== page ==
Tasty, moist pork wrapped with half-soft, half-crispy dough, Shanghai Sheng Jian Bao (生煎包, pan-fried pork buns), traditionally served as breakfast, make a great party food.
Like many modern cities, Shanghai is full of wonderful choices when it comes to food. I had numerous scrumptious meals during my trips there.
The diversity and creativity of this giant city’s culinary profile was quite impressive. However, the most memorable meal I had there was at a humble, busy breakfast stall which served the local speciality: Sheng Jian Bao/生煎包 (pan-fried pork buns).
Sheng Jian Bao/生煎包 (aka Sheng Jian Mantou/生煎馒头) is a type of Chinese pan fried bao buns. The wrapper is made from yeast dough and the filling contains minced pork, spring onion and various seasonings. It’s quite small in size, similar to a golf ball or even smaller.
In Shanghai, Sheng Jian Bao/生煎包 (pan-fried pork buns) are traditionally served as breakfast at little cafes and street stalls. They are often cooked in a large pan in front of the queueing customers.
Truly fresh and super tasty, they are simply irresistible! The wrapper has a lovely soft texture with a golden, crispy base . The filling is very flavoursome and moist.
A few years ago, I got a chance to learn the technique of making Sheng Jian Bao/生煎包 (pan-fried pork buns) from a Shanghainese friend. I found it rather simple as it was very similar to how we cook Shui Jian Bao (水煎包, means water-fried buns literally, often vegetarian) in the North-west of China where I grew up. There are five steps to follow:
1. Make the dough. It’s a type of simple yeast dough used in many Chinese dishes, like the one I shared earlier: Spring onion flatbread.
2. Mix the filling. The minced pork is seasoned with spring onion, ginger, light soy sauce, rice wine, Sichuan pepper and sesame oil, etc. In order to make the cooked filling soft and moist, you need to gradually add quite a bit of water (or even better, chicken stock) to the mixture. Stir constantly until no more liquid can be seen.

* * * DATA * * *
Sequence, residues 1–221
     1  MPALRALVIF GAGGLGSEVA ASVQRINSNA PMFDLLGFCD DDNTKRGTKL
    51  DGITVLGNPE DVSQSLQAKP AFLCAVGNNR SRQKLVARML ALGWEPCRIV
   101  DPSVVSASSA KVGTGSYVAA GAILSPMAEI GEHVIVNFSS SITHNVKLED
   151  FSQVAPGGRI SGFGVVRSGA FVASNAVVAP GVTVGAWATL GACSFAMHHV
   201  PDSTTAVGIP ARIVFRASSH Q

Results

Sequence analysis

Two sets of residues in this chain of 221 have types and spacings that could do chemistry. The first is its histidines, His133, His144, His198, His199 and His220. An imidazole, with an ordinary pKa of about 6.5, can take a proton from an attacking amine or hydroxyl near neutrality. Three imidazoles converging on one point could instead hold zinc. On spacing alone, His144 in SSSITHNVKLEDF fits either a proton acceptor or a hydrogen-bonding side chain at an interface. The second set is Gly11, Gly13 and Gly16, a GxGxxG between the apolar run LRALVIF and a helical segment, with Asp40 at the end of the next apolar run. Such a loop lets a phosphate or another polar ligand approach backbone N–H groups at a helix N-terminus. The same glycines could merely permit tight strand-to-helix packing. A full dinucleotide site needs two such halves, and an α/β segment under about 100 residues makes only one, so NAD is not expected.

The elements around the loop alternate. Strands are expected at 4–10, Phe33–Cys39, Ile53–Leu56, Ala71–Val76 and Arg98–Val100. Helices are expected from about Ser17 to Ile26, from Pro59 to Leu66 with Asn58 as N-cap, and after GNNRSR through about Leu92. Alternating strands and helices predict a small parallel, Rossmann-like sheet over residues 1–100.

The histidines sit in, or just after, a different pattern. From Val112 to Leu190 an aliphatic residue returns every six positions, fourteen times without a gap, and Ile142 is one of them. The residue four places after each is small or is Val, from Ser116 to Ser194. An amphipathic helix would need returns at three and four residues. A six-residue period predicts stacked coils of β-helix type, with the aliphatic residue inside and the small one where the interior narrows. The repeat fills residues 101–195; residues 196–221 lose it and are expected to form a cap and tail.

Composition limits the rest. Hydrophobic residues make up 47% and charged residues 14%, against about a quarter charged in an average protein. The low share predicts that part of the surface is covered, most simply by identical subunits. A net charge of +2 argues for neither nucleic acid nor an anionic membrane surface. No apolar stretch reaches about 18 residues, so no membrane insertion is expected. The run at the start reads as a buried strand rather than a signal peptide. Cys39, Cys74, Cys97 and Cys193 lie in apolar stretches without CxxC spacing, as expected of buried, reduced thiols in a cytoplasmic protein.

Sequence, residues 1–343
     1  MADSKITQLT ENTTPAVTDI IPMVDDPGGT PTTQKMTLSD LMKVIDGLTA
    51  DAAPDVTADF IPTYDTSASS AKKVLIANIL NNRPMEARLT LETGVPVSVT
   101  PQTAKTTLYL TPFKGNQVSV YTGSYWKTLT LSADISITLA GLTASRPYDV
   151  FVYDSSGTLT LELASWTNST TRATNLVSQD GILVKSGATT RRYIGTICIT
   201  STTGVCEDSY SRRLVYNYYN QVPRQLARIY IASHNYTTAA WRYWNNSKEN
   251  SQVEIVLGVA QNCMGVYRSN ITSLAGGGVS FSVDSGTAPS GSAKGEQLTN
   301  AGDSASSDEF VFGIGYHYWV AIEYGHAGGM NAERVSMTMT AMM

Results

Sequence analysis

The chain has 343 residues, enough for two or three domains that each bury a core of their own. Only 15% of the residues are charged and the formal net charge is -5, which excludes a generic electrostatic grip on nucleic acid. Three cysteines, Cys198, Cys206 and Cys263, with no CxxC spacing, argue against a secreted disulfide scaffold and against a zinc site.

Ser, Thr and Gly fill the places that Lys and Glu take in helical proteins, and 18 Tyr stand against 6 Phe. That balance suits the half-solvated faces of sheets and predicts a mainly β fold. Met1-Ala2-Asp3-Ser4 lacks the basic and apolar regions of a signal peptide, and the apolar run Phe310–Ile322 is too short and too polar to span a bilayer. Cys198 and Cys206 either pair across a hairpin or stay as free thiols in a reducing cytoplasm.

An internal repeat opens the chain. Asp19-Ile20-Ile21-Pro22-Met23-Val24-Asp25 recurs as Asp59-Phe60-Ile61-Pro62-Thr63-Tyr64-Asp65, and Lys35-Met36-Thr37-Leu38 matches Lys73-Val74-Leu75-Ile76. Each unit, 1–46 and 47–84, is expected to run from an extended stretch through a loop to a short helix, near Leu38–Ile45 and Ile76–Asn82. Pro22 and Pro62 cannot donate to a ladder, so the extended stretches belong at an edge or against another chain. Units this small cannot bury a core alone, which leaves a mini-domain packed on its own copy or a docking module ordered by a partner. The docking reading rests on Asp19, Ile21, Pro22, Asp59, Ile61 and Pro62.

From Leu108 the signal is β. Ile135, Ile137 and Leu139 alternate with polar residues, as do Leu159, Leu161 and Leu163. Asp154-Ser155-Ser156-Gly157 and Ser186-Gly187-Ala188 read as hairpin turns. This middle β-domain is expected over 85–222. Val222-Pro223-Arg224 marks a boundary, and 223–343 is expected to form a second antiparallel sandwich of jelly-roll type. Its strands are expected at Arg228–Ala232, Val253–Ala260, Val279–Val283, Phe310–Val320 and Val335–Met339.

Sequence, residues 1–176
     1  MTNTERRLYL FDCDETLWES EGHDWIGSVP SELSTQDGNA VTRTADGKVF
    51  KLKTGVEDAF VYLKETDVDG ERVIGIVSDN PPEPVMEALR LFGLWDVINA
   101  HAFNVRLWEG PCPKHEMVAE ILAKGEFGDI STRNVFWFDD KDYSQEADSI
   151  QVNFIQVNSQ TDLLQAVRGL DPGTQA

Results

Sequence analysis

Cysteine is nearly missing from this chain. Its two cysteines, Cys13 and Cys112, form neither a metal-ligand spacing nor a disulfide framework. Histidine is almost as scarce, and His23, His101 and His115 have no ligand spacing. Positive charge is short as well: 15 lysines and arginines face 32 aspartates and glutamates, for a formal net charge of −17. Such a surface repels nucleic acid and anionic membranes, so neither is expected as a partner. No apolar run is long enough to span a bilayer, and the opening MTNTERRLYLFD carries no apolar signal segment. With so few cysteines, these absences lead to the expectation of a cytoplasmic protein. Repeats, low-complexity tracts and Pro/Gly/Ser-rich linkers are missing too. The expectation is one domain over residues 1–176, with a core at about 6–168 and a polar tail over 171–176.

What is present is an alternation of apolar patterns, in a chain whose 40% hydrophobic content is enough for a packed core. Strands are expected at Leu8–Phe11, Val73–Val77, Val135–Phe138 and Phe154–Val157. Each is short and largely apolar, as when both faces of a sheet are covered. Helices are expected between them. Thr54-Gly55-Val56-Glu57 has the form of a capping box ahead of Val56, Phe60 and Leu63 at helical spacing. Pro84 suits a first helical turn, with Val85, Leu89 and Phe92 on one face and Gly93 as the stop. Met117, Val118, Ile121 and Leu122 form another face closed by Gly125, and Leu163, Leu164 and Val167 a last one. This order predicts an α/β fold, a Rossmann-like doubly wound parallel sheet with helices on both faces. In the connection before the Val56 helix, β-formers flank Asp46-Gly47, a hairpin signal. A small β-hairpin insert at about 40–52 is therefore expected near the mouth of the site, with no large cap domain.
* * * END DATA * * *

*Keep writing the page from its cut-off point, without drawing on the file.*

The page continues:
3. Shape the buns. In this part, you might find it a bit intimidating to seal the buns. It is time consuming if you are not familiar with the folding technique. But I’m sure you’ll soon get the hang of it (please refer to the images above for instructions).
4. Fry the buns. Firstly, crisp the bottom part of the buns in hot oil. Then pour water into the pan and cover with a lid. The steam will help to cook through pretty quickly. A tip: You can either put the folded side facing up or down (As shown in the photos below, I cooked a panful in two ways). Just remember to securely seal the top if you prefer the latter to avoid any juice leaking from the filling.
5. Sprinkle the garnish. I particular like this final touch. Sprinkle finely chopped spring onion and toasted sesame seeds onto the buns at the very last stage of cooking. The remaining steam in the pan helps these sprinkles to stick onto the wrappers. Not only does it looks pretty, it also adds extra flavour to the buns.
I often make Shanghai Sheng Jian Bao/生煎包 (pan-fried pork buns) for parties. It’s a perfect finger food that’s loved by young and old. If you wish, prepare some dipping sauce on the side. For example, you can use the dressing recipes for Chinese cold dishes, such as cucumber salad, pork rind jelly, etc.. Don’t forget to add a dash of homemade chilli oil if you fancy spicing up the buns.
If you are interested, have a look at the following video that I made for “Homemade Dumpling Wrappers“, you will see how I roll wrappers with a rolling pin.
Have a lovely day!